The story of Henry VIII and his six wives is an amazing personal story, but it contained the whole history of the reign and the varying fortunes of the several religious factions vying for his support.
His first wife, Catherine of Aragon, was Spanish and a loyal member of the international Roman Catholic Church. Anne was close to the Protestants and that closeness may have doomed her. Jane Seymore was careful and then she was gone so quickly. Catherine Howard was a dangerous, adulterous child and got herself executed for treason (All of this was against Henry's wishes. He really loved his child bride.) And finally, Catherine Parr, who was the most intelligent of all the wives, and also the most consciously Protestant. She came very near to being executed as Henry swerved to the Catholic conservatives in his last months. But was saved by the intrigues of other Protestants in the court.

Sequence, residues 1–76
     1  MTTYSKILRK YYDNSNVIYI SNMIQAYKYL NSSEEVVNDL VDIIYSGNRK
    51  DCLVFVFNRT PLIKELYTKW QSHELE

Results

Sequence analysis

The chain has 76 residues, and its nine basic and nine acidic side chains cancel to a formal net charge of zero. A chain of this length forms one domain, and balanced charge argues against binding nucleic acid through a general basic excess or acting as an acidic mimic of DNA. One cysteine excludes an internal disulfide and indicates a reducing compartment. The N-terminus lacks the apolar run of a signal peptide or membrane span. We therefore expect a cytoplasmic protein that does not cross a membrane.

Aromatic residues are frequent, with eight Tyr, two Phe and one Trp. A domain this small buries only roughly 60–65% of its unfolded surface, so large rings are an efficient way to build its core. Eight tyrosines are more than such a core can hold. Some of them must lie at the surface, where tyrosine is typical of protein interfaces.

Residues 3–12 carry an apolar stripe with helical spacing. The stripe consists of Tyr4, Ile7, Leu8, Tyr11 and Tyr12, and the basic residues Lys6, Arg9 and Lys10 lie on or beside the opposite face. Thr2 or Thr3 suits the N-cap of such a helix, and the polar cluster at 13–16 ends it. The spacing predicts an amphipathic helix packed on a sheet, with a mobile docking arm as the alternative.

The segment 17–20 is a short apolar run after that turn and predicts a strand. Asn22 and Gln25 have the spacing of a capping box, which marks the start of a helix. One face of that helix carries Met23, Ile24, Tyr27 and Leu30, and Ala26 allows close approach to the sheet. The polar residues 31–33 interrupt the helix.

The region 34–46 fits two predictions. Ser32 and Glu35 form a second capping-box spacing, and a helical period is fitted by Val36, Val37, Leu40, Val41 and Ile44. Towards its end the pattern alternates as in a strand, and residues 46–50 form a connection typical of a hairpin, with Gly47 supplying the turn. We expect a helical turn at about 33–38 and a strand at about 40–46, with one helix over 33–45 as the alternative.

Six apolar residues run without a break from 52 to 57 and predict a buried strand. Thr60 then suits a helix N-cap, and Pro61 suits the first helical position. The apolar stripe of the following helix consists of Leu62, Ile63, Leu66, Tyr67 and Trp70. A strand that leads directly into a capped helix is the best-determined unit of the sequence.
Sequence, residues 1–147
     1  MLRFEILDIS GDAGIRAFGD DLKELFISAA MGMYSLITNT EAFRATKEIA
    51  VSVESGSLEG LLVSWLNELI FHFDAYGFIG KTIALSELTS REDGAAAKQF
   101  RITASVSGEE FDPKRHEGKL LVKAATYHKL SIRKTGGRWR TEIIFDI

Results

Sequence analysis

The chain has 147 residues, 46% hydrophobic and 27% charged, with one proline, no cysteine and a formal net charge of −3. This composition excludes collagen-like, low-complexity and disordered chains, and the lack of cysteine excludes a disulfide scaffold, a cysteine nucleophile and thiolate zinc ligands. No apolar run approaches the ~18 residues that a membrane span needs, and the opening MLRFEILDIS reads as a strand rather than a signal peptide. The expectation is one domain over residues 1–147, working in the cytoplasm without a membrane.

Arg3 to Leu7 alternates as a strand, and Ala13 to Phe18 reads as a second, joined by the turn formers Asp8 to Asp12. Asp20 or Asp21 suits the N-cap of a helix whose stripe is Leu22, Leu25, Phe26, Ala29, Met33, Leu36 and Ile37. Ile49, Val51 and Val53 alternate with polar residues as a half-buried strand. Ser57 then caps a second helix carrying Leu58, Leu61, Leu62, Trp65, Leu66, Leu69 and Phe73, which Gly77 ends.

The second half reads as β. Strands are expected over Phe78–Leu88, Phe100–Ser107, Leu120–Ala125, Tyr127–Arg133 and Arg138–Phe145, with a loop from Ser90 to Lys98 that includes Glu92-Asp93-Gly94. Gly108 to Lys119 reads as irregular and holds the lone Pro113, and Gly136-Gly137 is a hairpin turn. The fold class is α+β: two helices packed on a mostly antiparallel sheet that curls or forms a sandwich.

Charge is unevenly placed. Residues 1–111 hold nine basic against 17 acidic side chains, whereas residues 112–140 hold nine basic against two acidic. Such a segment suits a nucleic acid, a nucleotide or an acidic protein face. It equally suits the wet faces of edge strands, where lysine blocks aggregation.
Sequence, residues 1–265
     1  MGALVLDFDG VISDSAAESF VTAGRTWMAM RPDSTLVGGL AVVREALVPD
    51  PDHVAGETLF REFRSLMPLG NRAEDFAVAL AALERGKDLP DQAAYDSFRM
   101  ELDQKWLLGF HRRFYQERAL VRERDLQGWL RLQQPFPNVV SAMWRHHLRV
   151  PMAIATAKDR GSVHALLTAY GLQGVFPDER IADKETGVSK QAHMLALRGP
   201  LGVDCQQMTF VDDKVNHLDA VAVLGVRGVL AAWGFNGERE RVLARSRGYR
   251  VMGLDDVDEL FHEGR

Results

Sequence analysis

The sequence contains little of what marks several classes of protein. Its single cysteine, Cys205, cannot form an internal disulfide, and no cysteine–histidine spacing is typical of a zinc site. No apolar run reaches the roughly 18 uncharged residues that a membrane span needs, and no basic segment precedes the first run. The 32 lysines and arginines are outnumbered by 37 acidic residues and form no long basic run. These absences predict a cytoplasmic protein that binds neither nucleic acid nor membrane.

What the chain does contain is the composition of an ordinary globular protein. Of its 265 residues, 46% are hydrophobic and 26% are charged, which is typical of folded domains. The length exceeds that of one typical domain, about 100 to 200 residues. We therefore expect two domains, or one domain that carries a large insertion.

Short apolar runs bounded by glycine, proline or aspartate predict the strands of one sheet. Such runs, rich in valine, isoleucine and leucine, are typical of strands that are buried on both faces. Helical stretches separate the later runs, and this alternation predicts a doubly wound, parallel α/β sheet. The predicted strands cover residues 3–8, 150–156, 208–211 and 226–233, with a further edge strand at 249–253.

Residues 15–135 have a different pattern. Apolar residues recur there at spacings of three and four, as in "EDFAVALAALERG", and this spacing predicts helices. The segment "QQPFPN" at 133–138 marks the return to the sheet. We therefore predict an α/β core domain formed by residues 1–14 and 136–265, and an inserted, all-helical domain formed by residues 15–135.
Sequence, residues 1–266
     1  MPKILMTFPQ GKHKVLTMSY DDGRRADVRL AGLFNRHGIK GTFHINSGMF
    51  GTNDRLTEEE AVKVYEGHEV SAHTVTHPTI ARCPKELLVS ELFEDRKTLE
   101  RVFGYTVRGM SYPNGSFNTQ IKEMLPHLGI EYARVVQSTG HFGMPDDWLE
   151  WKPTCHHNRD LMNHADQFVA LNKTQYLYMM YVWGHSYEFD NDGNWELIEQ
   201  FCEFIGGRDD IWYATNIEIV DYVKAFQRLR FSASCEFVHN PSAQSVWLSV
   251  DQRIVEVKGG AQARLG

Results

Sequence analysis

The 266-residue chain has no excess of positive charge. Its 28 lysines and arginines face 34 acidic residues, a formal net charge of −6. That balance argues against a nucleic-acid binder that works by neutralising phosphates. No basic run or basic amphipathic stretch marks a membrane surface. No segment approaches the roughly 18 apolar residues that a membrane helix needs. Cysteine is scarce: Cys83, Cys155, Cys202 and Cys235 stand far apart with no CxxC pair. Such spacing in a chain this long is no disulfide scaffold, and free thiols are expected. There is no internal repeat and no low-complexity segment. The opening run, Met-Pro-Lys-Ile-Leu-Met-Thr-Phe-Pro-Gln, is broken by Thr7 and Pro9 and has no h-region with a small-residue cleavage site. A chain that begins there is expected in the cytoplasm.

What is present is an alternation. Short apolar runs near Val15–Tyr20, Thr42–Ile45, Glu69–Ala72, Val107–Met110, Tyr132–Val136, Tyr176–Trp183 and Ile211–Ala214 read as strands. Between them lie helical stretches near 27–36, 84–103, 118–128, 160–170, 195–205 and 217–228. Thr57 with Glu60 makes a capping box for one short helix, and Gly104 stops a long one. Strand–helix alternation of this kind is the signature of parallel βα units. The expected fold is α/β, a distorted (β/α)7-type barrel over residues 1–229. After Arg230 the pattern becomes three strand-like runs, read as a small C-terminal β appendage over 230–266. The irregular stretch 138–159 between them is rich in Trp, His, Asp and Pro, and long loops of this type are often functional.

The second of the six women who married Henry VIII was the brilliant Anne Boleyn. Her hold over the king was absolute up until the day she gave in to him and slept with him and produced a daughter. At that moment her hold began to wane, and her days were numbered. She survived only three years as Queen of England and her story is one of the most exciting and dangerous stories of all royal marriages. She risked everything for herself and her family and lost everything. But she did one great thing: she gave birth to the greatest English monarch of all time: Elizabeth I.

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Alison Weir,

The Six Wives of Henry VIII ,

Grove Press, 1992,

ISBN 0802114970

Alison Weir,

Henry VIII: The King and His Court,

Ballantine Books; Reprint edition (October 29, 2002),

ISBN 034543708X